ByWilliam Avitt, writer at

In over 75 years of his existence, Superman has been drawn by some of the greatest artists in the history of the comics industry. In that time, some of those artists were on the book for so long, or were so influential on the character that they are forever associated with Superman. These are five of the best artists who have helped define Superman over the years.

Jon Bogdanove

Throughout his career, Jon Bogdanove has worked for both DC and Marvel. For Marvel he is known mostly for his work on Power Pack and X-Factor, however, he is most well known as one of the longest running Superman artists, and one of the artists who defined the character for the 90s. Bogdanove drew Superman: The Man of Steel from issue #1 in 1991 until he left the book in 1999 with issue #85. He and his writing partner on that book also created the character of Steel together as part of the Reign of the Supermen storyline, cementing their place in the Superman legacy forever.

Curt Swan

Curt Swan drew Superman longer than any creator has ever worked on a single character in the history of anything. Curt Swan's first work on Superman was in 1948 and his last work for Superman was Superman: The Wedding Album in 1996. Superman: The Wedding Album was actually Swan's last professional work, as he died that same year. Swan didn't draw the character straight, of course, but you would still be hard pressed to find another creator associated with a character for that long, even non-consecutively. In the 1960s was when Curt Swan became forever associated with Superman, as he was instrumental in developing Superman for the Silver Age, and he would continue to draw Superman until the Crisis on Infinite Earths. Curt Swan even drew the comic book adaptations for the films Superman III and Superman IV: The Quest for Peace. If you pick up any random Superman comic from the 60s, 70s or early 80s, odds are it will have interior art by Curt Swan.

Ed McGuinness

Ed McGuinness was the name most associated with Superman during the early part of the 2000s. He worked on some of the biggest storylines of that decade, including Emperor Joker and Our Worlds At War. He has also done some stellar work on Hulk and Deadpool, most notably illustrating the Red Hulk epic, but he will forever be associated with Superman. The animated film Superman/Batman: Public Enemies had animation based on McGuinness' artwork, because it was also based on a storyline that had originally been illustrated by him.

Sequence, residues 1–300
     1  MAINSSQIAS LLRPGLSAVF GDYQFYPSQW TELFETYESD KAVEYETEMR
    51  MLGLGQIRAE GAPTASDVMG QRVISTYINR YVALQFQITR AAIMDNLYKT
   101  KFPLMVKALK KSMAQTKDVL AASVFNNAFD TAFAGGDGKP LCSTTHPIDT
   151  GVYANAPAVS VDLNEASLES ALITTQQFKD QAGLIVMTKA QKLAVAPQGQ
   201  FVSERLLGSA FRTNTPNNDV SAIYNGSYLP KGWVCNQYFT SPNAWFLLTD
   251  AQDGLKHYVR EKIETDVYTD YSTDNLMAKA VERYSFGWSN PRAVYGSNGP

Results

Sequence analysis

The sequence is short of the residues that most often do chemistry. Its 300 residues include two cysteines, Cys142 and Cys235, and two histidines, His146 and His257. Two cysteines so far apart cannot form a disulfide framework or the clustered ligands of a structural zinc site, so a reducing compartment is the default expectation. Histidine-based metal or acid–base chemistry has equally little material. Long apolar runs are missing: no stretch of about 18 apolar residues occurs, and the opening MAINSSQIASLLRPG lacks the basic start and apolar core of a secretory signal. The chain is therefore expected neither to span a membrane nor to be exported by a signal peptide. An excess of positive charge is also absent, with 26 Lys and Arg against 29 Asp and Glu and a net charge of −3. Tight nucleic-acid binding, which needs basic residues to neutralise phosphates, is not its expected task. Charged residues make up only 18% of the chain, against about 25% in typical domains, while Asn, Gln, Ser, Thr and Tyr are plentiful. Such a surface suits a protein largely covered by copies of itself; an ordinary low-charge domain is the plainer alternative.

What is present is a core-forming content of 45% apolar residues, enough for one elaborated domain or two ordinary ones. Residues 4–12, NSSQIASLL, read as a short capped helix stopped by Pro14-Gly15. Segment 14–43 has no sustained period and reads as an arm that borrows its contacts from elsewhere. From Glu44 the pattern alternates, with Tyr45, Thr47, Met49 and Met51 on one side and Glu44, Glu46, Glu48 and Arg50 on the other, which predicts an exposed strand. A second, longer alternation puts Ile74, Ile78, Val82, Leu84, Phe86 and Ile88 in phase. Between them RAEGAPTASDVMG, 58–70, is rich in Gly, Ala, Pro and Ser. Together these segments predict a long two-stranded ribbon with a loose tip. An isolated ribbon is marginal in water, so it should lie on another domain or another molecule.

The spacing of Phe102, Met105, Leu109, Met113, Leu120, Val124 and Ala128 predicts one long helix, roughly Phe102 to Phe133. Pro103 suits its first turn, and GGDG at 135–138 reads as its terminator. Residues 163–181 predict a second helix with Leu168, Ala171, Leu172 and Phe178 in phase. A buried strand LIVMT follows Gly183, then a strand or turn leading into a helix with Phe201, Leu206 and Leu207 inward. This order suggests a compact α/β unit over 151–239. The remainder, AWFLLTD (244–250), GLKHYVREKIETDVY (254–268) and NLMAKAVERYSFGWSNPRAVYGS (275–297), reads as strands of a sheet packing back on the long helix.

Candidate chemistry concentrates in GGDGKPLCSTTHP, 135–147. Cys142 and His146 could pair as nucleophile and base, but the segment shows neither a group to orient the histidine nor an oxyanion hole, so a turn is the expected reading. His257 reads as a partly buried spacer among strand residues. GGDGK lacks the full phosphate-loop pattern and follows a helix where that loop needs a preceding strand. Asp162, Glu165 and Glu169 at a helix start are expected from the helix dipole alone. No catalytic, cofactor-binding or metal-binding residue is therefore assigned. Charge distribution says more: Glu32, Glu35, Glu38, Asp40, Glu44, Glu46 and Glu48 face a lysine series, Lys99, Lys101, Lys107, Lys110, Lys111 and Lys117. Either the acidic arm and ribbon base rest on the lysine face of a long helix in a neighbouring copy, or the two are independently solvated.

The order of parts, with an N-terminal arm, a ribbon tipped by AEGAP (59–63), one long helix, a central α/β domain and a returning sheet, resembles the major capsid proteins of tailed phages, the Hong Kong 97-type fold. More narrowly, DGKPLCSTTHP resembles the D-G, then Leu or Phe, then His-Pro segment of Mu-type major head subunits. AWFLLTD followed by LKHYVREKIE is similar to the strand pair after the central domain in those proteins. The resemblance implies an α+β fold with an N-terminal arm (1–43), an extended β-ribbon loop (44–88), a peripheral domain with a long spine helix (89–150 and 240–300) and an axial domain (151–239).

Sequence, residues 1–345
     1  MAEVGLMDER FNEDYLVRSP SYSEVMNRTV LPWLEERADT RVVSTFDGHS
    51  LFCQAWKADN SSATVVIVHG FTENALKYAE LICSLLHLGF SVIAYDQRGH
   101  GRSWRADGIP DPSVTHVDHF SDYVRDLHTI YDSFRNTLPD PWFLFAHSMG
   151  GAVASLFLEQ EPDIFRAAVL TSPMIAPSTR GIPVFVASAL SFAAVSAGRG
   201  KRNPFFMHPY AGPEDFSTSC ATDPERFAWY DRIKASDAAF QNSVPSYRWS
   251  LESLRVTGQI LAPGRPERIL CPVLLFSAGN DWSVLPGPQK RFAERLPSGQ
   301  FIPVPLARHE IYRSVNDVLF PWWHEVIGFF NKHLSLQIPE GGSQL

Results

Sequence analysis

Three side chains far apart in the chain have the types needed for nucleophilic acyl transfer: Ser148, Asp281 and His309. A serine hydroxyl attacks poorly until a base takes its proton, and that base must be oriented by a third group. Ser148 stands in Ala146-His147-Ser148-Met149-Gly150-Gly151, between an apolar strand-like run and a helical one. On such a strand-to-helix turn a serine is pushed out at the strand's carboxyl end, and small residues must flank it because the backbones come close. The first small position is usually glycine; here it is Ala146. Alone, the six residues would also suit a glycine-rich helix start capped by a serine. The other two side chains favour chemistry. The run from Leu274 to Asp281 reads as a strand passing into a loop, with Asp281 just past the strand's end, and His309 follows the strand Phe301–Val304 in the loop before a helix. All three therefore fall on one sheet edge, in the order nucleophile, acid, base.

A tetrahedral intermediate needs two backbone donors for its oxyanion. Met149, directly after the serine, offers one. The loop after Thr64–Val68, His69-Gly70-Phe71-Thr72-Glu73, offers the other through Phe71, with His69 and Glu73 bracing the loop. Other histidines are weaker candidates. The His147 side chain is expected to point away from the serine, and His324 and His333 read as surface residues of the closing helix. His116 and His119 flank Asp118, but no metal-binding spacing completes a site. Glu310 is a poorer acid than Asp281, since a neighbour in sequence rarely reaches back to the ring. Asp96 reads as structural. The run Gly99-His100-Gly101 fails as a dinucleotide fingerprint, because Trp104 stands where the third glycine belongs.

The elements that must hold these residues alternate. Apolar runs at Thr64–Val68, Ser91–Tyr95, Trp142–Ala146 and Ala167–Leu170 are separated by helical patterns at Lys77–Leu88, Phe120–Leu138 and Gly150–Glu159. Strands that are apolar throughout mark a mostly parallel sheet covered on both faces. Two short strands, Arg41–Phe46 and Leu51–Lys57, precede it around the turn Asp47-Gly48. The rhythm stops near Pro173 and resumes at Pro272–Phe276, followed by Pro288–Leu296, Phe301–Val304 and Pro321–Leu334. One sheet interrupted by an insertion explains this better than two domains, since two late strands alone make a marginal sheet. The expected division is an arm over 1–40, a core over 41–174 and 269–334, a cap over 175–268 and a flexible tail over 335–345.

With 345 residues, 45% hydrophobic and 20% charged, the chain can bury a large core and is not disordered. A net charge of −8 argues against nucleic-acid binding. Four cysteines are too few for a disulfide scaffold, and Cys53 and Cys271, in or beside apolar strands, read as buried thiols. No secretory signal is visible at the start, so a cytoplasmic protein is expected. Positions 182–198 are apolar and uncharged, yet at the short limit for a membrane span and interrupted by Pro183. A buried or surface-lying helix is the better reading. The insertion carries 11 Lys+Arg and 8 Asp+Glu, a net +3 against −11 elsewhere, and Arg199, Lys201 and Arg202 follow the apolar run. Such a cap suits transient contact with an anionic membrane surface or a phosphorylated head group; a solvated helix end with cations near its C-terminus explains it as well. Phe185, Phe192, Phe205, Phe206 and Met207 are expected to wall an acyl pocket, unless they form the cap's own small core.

Dan Jurgens

Dan Jurgens created Booster Gold in 1985. In 1989, he began his long association with Superman when he became the writer/penciller of The Adventures of Superman, an association that would run for six years straight, although he has returned to Superman several times since he stopped illustrating the main Superman title in 1995. From 1991 to 1993 he actually illustrated both Superman and The Adventures of Superman. While he stopped drawing Superman in 1995, he did continue on the book as the writer for another four years. While working on Superman he created Doomsday and the Cyborg Superman.

John Byrne

John Byrne redefined Superman for an entire generation, re-creating the character from the ground up after the Crisis on Infinite Earths. Prior to his work on Superman, Byrne had previously been known for his work with Chris Claremont on the X-Men. Byrne's first work on Superman was the Man of Steel miniseries in 1986, which served to reintroduce the character's origin for the post-Crisis reboot of the DC Universe. After that, he served as writer and artist on both Action Comics and Superman, and later also took over writing duties on The Adventures of Superman with artist Jerry Ordway. He worked on Superman for only two years, but cemented his name to the Superman legacy in that time, becoming the person most associated with the character since Curt Swan. Elements from Byrne's time on Superman have been used in the Superboy television series, Superman: The Animated Series, Lois and Clark: The New Adventures of Superman and even on Smallville to an extent.

So there you have it, five of the most influential artists to ever work on Superman. Who was your favorite Superman artist? Who would you like to see take on Superman in the future? Let us know in the comments section below.


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